11. Interactions of Fullerene‐Polyglycerol Sulfates at Viral and Cellular Interfaces
I. Donskyi, M. Drüke, K. Silberreis, D. Lauster, K. Ludwig, C. Kühne, W. Unger, C. Böttcher, A. Herrmann, J. Dernedde, M. Adeli, R. Haag – 2018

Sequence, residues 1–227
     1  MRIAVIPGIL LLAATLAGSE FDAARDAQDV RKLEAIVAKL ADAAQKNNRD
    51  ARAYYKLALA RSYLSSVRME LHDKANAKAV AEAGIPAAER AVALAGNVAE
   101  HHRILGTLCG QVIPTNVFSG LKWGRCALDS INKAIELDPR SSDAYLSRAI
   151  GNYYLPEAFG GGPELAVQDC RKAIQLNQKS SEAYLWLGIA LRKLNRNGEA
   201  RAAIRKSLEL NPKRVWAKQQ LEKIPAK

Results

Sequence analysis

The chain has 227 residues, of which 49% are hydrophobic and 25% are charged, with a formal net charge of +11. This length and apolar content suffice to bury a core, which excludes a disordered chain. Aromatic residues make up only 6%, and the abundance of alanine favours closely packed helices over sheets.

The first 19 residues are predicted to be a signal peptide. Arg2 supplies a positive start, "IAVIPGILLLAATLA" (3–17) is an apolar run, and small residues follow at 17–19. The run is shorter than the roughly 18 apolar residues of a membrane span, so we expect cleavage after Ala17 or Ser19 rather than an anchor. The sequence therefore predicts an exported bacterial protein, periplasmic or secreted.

Understanding the mechanism of interactions of nanomaterials at biointerfaces is a crucial issue to develop new antimicrobial vectors. In this work, a series of water-soluble fullerene-polyglycerol sulfates (FPS) with different fullerene/polymer weight ratios and varying numbers of polyglycerol sulfate branches are synthesized, characterized, and their interactions with two distinct surfaces displaying proteins involved in target cell recognition are investigated. The combination of polyanionic branches with a solvent exposed variable hydrophobic core in FPS proves to be superior to analogs possessing only one of these features in preventing interaction of vesicular stomatitis virus coat glycoprotein (VSV-G) with baby hamster kidney cells serving as a model of host cell. Interference with L-selectin-ligand binding is dominated by the negative charge, which is studied by two assays: a competitive surface plasmon resonance (SPR)-based inhibition assay and the leukocyte cell (NALM-6) rolling on ligands under flow conditions. Due to possible intrinsic hydrophobic and electrostatic effects of synthesized compounds, pico- to nanomolar half maximal inhibitory concentrations (IC50) are achieved. With their highly antiviral and anti-inflammatory properties, together with good biocompatibility, FPS are promising candidates for the future development towards biomedical applications.